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Science in a Bag of Potato Chips


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Starring

You and Your Students!

Script By

Vicki Cobb, Education World Science Editor

Synopsis

Discover how packaging keeps potato chips fresh.

Genre

  • Chemistry
  • Nutrition

Required Props

  • a candle
  • scissors
  • an unopened bag of potato chips
  • matches
  • a bowl
  • a bag clip, rubber band, or twist tie

Show-Biz Science is scripted by popular children's book writer Vicki Cobb. Click to learn more about Vicki or to read a brief synopsis of her philosophy of teaching science.

Visit our archive of archive of Show-Biz Science Activities. Watch for a new activity each week. Then chat with Vicki -- share your feedback and ask your questions about teaching science -- on our special Showbiz-Science message board.

Be sure to visit Vicki's Kids' Science Page for more great science fun, a complete list of her books, and information about how you can invite Vicki to come to your school. And don't miss her library of science videos too. Or visit Vicki and other great authors of nonfiction for children at the INK Think Tank.

Setting the Scene (Background)

If a person slices potatoes very thin and fries them in hot oil, they end up with potato chips. The hot oil replaces up to 80 percent of the water in the potatoes, the slice is twice as thin as it started, and the result is crisp and crunchy, not soggy. To keep potato chips fresh, commercial manufacturers had to solve two problems:

  • The chips had to be kept in the dark.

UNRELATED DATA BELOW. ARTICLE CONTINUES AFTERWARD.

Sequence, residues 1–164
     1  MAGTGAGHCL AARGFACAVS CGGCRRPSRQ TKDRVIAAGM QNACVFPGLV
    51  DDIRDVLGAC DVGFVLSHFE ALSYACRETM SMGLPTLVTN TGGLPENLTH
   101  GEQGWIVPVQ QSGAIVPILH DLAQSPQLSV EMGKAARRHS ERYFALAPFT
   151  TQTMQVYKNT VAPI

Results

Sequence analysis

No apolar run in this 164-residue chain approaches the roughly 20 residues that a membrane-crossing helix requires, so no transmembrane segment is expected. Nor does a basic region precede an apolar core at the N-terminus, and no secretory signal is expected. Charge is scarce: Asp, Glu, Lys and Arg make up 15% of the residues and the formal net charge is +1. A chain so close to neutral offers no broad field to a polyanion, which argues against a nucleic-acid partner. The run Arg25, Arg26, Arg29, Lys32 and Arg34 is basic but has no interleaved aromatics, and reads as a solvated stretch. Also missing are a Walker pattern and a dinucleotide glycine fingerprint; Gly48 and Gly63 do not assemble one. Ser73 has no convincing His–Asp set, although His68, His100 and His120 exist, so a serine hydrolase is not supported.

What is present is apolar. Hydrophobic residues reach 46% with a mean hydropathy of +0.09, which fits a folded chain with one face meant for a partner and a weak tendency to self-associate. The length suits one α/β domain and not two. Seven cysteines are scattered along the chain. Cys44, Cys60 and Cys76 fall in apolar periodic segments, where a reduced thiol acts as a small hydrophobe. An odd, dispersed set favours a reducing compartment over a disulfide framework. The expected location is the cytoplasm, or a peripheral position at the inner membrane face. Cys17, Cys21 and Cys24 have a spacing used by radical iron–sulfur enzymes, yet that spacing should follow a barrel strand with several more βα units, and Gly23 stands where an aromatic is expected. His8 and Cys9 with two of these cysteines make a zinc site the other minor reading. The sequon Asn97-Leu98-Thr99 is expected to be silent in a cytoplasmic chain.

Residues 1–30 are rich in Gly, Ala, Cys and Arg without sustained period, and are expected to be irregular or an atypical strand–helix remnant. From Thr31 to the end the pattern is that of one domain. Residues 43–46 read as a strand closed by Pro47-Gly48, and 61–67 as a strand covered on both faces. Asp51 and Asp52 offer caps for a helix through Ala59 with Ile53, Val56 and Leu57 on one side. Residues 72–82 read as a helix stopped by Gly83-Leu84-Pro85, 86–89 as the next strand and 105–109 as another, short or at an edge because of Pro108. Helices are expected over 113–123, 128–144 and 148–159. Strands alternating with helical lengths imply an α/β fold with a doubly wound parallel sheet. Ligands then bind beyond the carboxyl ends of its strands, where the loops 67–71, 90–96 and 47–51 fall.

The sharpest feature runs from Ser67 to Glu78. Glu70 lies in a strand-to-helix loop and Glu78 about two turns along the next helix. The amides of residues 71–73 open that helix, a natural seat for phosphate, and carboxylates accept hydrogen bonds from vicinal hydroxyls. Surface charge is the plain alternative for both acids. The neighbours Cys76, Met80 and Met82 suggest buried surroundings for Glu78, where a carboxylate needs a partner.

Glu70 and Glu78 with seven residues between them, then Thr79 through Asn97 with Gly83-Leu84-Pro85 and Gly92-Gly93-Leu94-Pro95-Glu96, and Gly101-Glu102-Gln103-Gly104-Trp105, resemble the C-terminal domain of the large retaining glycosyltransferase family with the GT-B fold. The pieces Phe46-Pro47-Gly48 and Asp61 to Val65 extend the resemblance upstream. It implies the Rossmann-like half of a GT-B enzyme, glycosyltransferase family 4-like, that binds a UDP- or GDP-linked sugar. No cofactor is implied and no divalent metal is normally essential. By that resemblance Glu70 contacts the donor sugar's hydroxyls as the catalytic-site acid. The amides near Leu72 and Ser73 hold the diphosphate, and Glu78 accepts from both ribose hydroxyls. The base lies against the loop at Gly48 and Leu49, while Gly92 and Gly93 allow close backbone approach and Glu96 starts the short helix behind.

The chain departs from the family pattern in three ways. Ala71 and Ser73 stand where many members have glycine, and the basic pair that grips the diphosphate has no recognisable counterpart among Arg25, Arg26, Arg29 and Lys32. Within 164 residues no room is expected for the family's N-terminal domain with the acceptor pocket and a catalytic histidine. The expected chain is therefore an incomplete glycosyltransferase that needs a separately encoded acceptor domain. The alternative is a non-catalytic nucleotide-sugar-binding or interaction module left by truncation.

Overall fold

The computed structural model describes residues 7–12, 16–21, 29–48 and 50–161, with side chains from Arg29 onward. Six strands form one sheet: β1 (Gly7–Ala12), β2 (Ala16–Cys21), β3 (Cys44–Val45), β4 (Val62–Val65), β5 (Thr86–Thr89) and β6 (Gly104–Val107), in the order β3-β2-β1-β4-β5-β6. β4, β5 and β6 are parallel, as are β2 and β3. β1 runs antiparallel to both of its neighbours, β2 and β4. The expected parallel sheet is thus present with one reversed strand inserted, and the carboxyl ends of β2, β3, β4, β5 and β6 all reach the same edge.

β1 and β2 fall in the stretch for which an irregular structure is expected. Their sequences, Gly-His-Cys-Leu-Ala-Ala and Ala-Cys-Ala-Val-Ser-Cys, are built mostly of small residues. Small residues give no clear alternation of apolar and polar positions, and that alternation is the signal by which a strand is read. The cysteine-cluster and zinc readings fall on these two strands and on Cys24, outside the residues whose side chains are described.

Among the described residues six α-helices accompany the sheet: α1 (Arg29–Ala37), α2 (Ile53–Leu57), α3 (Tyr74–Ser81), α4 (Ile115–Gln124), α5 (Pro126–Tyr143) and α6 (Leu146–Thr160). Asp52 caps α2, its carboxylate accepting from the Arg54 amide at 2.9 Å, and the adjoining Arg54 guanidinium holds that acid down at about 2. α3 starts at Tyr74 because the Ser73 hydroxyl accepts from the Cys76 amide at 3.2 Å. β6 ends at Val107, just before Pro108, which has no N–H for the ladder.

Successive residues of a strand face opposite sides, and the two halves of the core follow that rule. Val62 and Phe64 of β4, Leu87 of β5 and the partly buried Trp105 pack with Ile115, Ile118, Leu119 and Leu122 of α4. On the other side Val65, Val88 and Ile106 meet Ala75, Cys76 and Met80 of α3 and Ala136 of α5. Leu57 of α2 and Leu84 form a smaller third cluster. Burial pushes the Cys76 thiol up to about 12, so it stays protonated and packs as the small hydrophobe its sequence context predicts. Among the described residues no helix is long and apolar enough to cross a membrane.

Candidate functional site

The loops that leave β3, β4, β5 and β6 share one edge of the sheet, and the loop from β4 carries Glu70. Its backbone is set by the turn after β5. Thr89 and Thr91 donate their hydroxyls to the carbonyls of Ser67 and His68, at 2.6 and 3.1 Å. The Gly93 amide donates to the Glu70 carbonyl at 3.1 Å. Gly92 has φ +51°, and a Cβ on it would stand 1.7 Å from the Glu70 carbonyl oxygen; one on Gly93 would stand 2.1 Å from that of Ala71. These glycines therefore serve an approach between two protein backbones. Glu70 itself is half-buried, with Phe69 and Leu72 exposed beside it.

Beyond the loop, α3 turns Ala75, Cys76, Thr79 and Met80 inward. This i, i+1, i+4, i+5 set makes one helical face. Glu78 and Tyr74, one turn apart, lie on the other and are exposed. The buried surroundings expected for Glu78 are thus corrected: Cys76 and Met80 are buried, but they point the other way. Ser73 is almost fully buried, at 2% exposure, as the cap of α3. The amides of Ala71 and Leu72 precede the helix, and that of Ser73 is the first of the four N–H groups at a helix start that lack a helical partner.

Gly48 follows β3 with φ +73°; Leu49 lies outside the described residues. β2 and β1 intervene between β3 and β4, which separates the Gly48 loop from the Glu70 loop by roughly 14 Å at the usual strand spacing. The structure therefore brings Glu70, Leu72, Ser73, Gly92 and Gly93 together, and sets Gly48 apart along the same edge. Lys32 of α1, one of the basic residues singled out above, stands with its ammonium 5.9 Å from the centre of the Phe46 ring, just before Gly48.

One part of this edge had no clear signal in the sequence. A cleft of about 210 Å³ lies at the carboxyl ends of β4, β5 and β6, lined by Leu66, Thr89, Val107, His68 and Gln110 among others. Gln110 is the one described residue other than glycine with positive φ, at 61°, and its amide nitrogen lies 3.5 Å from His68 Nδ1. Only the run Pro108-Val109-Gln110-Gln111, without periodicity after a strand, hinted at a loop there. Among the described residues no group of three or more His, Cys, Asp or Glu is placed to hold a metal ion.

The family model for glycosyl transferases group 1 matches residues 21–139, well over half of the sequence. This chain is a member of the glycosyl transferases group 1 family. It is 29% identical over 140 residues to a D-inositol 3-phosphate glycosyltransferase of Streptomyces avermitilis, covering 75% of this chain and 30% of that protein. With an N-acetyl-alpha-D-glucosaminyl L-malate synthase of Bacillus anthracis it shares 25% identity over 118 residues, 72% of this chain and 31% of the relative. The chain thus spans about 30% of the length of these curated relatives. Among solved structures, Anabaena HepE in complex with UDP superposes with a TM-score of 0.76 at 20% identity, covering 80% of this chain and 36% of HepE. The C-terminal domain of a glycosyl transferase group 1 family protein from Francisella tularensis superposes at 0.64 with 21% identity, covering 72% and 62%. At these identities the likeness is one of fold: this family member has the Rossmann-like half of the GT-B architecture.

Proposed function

• The chips had to be kept away from oxygen in the air.
To solve those problems, potato chip manufacturers developed a bag that is 1) lined with foil to keep out light and 2) packed in nitrogen -- an inert gas that makes up almost 80 percent of air. Unlike oxygen, which is required for a flame to burn, nitrogen doesn't support combustion. So the gas in a bag of potato chips should extinguish a flame -- fun!

Stage Direction

Do the first part of this activity as a demonstration. But then you can let the kids set up their own stale potato chip experiments. You might also use this activity as an introduction to the nutritional value of potato chip -- which taste great because they are high in salt and fat.

Plot

Act I
Light a candle. Blow gently on the flame. Point out to students that your breath contains oxygen, and that your gentle blowing fans the flame; it does not extinguish it. (If you blow hard, the force of the air's motion keeps the flame from getting oxygen, and it will go out.) Use scissors to cut off the corner of a bag of potato chips to make a small hole. Aim the hole at a flame and squeeze the bag gently so you flood the flame with nitrogen. (You don't want to squeeze so hard that the force blows out the flame.) The nitrogen deprives the flame of oxygen from the air, and the flame will go out. The nitrogen also puffs up the bag to keep breakage to a minimum.

Act II
Put some of the chips from the freshly opened bag in a glass bowl in the sunlight. Leave the rest of the chips in the bag and close tightly with a bag clip, twist tie, or rubber band. Taste a chip from each group every day for a week. How do the flavors compare? Rancid potato chips won't harm you, but you'll get insight into the problem facing potato chip manufacturers -- keeping their products as fresh as long as possible.

Behind the Scenes

Potato chips are America's number one snack food. They also add to the nation's obesity problem! You might share with students the nutritional information on the bag. Pay attention to portion size -- twenty chips! One portion, or 20 chips, is 150 calories and provides 15% of your daily requirement for fat.

The End

For more fun experiments with food, check out Where's the Science Here? Junk Food by Vicki Cobb (Millbrook Press, 2006).

Article By Vicki Cobb
Education World®
Copyright © 2006 Education World

02/16/2006



 

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